Top UN officials today praised the recent $20 billion pledge made by G8 countries to boost food security in developing and poor countries.
"We are really pleased that food security is now back and central on the international agenda," David Nabarro, Coordinator of the High-Level Task Force on the Global Food Crisis, told reporters in New York. The pledge was made by G-8 countries at the recently concluded summit in L'Aquila, Italy.
"Countries themselves know they are going to be held to account over that pledge," he said, adding, "When you look at the figures, it represents a doubling in the commitment of developed nations to what has to be done in the area of food security and agriculture."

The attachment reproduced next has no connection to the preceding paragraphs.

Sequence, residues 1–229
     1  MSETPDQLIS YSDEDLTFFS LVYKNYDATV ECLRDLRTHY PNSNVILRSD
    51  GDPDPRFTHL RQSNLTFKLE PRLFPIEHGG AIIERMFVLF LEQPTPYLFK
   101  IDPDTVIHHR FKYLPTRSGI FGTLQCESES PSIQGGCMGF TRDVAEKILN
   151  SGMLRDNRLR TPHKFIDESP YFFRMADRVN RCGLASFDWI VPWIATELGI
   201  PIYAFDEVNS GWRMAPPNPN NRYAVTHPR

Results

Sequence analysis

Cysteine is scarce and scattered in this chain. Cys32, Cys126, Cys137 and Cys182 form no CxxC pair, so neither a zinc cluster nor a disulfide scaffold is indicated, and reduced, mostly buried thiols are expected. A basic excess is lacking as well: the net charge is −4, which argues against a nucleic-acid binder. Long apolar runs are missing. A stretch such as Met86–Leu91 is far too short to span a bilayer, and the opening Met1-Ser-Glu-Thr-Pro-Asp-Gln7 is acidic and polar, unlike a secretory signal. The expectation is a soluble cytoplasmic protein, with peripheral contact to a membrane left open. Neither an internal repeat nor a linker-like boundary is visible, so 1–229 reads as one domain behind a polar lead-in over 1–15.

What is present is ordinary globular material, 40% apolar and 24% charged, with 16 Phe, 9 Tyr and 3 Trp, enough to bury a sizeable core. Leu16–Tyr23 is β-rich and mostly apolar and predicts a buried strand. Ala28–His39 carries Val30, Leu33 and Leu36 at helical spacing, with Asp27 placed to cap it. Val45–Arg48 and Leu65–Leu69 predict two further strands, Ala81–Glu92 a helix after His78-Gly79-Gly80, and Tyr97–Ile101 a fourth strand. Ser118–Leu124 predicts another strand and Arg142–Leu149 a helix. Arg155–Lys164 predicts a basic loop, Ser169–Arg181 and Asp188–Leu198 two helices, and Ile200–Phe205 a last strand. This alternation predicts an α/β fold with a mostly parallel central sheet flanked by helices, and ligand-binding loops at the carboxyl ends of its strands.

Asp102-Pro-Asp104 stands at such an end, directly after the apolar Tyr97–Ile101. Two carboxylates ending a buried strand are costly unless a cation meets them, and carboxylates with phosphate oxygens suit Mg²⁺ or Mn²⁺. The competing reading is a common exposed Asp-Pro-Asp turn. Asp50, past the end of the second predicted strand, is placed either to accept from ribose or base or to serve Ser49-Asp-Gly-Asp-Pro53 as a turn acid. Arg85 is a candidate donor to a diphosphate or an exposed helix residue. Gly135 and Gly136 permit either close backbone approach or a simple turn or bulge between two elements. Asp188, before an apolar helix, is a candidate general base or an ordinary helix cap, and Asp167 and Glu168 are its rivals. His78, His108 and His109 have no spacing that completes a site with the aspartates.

In making the pledge, political leaders had committed to a full range of food security issues, from tackling hunger which had surged because of the global economic crisis, to increasing investment in agriculture for the world's 500 million smallholder farmers, especially women farmers, to ensuring that agricultural trade benefited the least developed countries and their citizens.
That was a marked shift from the response to the 1974 food crisis, which had focused solely on industrializing agriculture and maximizing productivity, Nabarro argued.